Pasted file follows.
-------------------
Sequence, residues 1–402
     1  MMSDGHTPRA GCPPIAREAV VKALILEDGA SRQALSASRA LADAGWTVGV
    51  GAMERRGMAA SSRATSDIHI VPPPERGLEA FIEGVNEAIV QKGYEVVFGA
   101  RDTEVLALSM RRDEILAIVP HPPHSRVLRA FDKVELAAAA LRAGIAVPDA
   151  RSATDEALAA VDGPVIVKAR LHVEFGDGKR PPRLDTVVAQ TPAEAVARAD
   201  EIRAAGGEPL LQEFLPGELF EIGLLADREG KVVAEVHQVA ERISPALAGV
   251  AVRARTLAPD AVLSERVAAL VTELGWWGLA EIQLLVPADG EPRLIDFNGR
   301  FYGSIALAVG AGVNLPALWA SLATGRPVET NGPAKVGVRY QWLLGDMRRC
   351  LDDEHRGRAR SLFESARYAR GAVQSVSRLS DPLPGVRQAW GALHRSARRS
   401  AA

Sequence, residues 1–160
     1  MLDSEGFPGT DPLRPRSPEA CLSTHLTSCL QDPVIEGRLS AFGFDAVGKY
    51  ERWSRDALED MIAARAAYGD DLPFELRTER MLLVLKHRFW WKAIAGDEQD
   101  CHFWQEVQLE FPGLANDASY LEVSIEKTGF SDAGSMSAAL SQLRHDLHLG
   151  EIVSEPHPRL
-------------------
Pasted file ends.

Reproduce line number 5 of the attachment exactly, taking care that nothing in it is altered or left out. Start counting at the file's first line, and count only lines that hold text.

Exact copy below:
   151  RSATDEALAA VDGPVIVKAR LHVEFGDGKR PPRLDTVVAQ TPAEAVARAD